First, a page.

Wind power is considered one of the most cost-effective options for reducing carbon emissions from the global electricity system. However, achieving higher penetrations of wind energy presents a number of unique development and integration challenges. Most of the existing literature has focused on general solutions to technical engineering and economic problems, as well as the design of dedicated policy support. There has been far less focus on the political economy of wind development, which involves the features of countries, regions, and systems that shape incentives for developing and integrating wind power. Given that this broader context mediates the effectiveness of dedicated technical and policy approaches to promote wind, this is an important gap.
Drawing on global experience, this chapter develops an analytical framework for understanding the spectrum of political economy conflicts that arise when introducing and scaling wind power within an electricity system. We apply this framework to China, a country that has very different electricity sector institutions from those found in most other countries. We argue that China’s wind development and integration challenges can be understood through a general political economy framework, and show how high levels of wind energy curtailment in China are an expected result of clashes among actors and interests.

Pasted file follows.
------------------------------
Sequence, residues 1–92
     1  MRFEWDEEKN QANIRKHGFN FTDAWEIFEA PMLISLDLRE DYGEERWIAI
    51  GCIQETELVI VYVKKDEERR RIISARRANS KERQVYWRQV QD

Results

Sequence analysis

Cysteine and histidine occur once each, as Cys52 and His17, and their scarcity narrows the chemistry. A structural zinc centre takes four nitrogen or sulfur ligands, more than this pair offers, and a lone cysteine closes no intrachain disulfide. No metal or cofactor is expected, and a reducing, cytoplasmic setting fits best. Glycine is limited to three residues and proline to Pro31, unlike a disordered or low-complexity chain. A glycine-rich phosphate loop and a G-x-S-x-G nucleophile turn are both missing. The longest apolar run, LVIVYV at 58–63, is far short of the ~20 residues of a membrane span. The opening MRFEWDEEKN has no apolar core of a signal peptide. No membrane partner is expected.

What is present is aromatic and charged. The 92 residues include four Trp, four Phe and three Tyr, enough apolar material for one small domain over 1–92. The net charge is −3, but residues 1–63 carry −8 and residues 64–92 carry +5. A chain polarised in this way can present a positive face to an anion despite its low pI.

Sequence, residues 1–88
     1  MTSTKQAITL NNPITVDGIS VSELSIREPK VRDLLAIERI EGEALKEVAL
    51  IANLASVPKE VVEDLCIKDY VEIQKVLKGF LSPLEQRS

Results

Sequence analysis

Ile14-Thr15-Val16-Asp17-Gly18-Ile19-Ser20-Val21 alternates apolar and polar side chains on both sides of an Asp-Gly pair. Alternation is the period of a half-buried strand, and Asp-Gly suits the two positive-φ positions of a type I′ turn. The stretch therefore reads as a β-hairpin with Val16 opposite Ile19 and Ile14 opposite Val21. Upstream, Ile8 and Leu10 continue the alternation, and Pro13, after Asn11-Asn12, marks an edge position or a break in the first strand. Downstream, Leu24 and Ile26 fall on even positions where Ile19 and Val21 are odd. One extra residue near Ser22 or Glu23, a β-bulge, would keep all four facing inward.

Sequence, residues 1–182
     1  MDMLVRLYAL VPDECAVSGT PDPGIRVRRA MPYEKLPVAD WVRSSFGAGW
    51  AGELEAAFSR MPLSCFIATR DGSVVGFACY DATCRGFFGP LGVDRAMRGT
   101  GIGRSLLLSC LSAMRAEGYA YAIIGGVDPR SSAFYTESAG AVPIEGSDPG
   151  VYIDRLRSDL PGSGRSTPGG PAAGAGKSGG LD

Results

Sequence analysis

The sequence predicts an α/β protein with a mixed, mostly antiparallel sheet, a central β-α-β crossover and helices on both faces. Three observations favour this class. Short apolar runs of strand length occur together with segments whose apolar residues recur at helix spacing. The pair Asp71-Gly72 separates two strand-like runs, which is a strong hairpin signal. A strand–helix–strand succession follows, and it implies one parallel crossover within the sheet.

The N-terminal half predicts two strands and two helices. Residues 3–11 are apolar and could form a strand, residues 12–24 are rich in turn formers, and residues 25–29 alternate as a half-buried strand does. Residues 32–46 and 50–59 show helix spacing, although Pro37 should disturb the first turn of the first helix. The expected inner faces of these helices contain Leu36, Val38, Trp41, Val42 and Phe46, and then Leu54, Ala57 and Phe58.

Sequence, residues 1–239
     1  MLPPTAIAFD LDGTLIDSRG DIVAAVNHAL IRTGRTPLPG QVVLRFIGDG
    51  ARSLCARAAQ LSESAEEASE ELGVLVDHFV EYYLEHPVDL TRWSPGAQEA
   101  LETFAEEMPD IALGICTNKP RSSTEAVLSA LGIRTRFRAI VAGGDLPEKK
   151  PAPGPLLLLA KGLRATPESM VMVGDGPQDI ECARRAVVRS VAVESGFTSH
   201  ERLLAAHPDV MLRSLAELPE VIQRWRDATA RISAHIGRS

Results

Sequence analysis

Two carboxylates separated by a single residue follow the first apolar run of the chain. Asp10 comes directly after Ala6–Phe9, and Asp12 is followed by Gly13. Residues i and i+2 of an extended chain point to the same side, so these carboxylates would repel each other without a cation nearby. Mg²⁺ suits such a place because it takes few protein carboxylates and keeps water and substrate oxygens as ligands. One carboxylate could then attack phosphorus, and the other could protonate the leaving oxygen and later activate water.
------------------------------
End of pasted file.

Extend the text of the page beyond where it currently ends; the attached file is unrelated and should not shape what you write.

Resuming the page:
Davidson, M. R., Kahrl, F., & Karplus, V. J. (2017). Towards a political economy framework for wind power: Does China break the mould? In D. Arent, C. Arndt, M. Miller, F. Tarp, & O. Zinaman (Eds.), The Political Economy of Clean Energy Transitions (pp. 250–270). Oxford University Press.